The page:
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One ceremony, two wedding dresses

<p>Melania Trump did it. So did rock star Avril Lavigne, with designs by Vera Wang.<br /></p>

Some brides opt for more than one gown for their special day



Jon Way/associated press


Kathy Reilly wears her wedding gown at Saint Ann Catholic Church prior to her wedding





Jon Way/associated press


Kathy Reilly in her evening gown prior to the reception at the The Breakers resort.Kathy Reilly in her evening gown prior to the reception at the The Breakers resort.





“It’s their wedding day. It’s a very special day. They can keep the other dress and wear it again.”






Melania Trump did it.





So did rock star Avril Lavigne, with designs by Vera Wang.





Now, some regular women are following suit, deciding that one dress isn’t enough for their wedding day. They want princess-like ball gowns as well as sexier sheaths for the party that they can dance in.





For her April wedding in Palm Beach, Fla., Kathy Reilly wore a sweet, flowing gown for an afternoon ceremony and a sleek number for the party that evening.





“It’s an overwhelming choice to try to narrow it down to one,” said Reilly, 42, a consultant to luxury brands who lives in Manhattan.





On the other hand, “It’s certainly a big deal to purchase two dresses and get them altered and pressed. It’s a big economic consideration.”





Maybe not for Trump, whose Vera Wang and Christian Dior dresses were featured in Vogue, or Lavigne, who wore an ivory strapless tissue organza gown with wrapped bodice and applique lace beaded skirt, and then an ivory strapless draped Chantilly lace dress.





Still, brides say they like the idea of a second dress for comfort, to display another side of their personality and, of course, for show. The trend could have a big impact on the wedding industry, always looking to create new revenue streams.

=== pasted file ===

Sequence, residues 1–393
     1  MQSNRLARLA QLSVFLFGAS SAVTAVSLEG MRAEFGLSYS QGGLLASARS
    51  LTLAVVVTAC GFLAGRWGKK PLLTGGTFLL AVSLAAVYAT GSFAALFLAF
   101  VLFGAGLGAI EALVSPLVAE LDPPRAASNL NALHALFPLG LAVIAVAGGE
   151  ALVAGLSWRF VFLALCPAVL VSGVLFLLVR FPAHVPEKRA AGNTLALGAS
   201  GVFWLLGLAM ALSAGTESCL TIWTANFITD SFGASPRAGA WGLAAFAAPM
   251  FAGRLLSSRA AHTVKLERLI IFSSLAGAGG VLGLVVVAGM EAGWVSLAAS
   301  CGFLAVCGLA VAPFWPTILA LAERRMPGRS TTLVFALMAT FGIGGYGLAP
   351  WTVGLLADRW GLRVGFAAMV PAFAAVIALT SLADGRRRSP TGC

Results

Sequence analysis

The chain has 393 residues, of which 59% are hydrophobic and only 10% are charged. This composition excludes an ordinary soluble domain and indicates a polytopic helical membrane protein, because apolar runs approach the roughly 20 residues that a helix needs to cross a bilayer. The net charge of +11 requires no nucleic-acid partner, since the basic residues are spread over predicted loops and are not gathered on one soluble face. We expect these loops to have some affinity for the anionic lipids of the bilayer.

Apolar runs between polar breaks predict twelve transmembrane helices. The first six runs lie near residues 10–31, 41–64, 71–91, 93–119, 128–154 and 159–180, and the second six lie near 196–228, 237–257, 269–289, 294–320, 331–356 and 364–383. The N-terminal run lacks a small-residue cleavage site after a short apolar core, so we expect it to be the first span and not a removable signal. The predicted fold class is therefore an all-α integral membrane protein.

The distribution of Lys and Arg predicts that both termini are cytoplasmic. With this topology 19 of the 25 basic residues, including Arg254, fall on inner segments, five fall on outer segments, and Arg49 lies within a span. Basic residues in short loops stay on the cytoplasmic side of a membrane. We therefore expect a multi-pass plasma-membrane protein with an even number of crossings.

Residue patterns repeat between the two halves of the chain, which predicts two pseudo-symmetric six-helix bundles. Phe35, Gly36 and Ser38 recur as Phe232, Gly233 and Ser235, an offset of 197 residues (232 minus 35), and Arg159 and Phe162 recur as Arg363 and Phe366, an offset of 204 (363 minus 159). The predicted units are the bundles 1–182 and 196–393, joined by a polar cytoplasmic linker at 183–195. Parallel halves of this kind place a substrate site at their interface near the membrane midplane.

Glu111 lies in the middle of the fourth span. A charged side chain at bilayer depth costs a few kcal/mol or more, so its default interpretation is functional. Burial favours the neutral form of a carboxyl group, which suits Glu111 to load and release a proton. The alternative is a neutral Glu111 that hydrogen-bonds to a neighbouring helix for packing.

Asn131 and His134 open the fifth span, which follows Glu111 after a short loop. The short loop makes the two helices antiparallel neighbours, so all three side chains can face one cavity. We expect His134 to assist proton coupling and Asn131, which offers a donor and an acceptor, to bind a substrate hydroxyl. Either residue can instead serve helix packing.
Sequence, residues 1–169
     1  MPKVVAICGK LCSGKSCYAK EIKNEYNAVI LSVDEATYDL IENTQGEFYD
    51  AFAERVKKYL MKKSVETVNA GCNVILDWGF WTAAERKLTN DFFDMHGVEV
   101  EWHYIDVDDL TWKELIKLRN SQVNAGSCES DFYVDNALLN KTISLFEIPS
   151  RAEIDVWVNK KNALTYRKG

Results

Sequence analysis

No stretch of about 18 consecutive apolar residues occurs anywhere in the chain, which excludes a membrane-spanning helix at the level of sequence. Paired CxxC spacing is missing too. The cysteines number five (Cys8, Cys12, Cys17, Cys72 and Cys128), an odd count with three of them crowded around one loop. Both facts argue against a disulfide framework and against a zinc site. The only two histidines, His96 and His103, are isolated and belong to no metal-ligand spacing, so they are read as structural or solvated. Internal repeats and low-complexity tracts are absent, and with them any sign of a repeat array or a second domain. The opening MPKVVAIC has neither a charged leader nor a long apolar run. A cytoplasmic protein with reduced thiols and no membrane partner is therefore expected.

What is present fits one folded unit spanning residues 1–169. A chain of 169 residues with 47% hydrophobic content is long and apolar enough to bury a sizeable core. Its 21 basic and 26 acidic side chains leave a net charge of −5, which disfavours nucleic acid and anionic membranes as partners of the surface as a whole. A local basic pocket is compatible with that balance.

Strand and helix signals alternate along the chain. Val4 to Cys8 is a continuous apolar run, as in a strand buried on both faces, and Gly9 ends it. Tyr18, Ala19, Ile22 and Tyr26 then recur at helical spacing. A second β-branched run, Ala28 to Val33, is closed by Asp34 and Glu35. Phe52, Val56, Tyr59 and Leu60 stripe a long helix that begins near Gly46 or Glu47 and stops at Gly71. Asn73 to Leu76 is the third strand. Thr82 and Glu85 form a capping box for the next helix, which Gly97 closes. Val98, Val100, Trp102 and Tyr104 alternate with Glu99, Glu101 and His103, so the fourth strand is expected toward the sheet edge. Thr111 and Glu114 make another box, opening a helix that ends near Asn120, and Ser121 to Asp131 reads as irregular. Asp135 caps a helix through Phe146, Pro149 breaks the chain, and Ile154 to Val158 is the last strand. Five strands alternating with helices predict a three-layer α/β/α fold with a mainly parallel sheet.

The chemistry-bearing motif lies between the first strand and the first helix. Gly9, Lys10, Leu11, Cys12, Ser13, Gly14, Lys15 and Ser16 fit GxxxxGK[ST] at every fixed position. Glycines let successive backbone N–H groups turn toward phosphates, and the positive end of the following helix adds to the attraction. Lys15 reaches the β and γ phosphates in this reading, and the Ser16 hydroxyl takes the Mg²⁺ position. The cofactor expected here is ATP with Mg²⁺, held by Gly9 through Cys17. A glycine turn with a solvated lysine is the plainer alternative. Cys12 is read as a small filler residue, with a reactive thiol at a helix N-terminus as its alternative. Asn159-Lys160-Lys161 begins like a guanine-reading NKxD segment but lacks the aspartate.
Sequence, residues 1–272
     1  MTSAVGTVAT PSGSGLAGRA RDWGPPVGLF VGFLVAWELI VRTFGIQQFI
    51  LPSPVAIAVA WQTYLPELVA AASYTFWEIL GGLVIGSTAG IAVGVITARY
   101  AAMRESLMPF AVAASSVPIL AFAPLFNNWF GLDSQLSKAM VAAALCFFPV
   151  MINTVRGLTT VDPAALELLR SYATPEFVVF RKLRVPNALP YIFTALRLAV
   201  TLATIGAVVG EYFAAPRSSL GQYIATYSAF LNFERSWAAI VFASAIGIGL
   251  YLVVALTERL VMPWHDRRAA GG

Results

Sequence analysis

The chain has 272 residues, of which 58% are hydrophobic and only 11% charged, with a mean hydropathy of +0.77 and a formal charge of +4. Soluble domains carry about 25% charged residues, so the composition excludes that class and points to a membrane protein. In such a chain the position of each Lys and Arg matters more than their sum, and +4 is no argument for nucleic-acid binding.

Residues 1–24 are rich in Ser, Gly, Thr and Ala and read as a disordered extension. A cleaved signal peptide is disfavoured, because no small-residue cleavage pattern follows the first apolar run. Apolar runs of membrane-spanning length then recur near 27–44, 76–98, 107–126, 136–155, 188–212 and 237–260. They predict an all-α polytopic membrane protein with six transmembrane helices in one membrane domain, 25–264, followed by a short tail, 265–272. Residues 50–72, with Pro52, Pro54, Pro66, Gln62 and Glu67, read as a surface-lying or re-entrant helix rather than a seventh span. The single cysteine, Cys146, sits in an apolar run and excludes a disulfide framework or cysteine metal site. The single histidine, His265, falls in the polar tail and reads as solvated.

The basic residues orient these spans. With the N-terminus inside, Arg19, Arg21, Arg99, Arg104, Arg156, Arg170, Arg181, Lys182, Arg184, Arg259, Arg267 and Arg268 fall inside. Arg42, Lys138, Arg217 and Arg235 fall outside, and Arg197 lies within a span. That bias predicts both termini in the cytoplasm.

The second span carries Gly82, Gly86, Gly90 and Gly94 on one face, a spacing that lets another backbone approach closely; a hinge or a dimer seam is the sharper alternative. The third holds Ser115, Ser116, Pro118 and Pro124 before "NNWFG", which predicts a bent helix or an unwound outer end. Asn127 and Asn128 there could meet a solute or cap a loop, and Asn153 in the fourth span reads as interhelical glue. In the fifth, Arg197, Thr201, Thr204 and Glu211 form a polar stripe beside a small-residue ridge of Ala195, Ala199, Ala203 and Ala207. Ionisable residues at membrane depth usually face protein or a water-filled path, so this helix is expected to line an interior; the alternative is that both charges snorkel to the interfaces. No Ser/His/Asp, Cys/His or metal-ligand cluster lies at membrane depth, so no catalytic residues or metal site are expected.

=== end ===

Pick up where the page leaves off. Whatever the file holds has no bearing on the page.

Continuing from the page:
And it’s not only those aiming for the fashion stratosphere who opt for two dresses.





Some brides want to wear vintage gowns worn by their mothers or grandmothers, then emerge in their own dress later. Others seek to blend different cultures, changing from a traditional white gown, say, into Chinese or Indian bridal attire.





Mark Ingram, who runs the Bridal Atelier on Manhattan’s East Side, said he began noticing women buying a second wedding dress about a year and a half ago.





“As the primary dress is becoming a little bit more elaborate, they wanted to change into something slinkier or shorter or sexier, that they could really party in,” he said.





He said the first dress may conform to a parent’s or fiance’s wishes.





“The second dress is more of a statement of who they are, as a young independent woman getting married.”





Women in his shop, which sells designers such as Oscar de la Renta, Karl Lagerfeld, Monique Lhuillier and Carolina Herrara, sometimes spend more than $6,000 US for the first dress, then $2,500 and up for the second, Ingram said.





Reilly wore a $7,000 backless silk taffeta designed by Amsale for her ceremony. With thin straps, a fitted bodice and a bubble skirt, it was more bride-like and appropriate for a church, she said.





Later that evening for the reception at the Breakers, an oceanfront resort, she changed into a white sheath, more “slinky, Hollywood and red carpet-y,” she said. Its price tag was about $3,000.





“It just flowed so naturally and it was just a great dancing, party dress,” said Reilly. “I could not have gone solely for the second one. It was probably a little too sexy for the church and probably not high-impact enough.”





Kiki Hronis, whose alterations have been fitting brides into gowns for more than 15 years in Manhattan, worked on Reilly’s dresses. She said she isn’t surprised that brides would want to change mid-wedding.





“Of course not. It’s their wedding day. It’s a very special day. They can keep the other dress and wear it again.”


 
 
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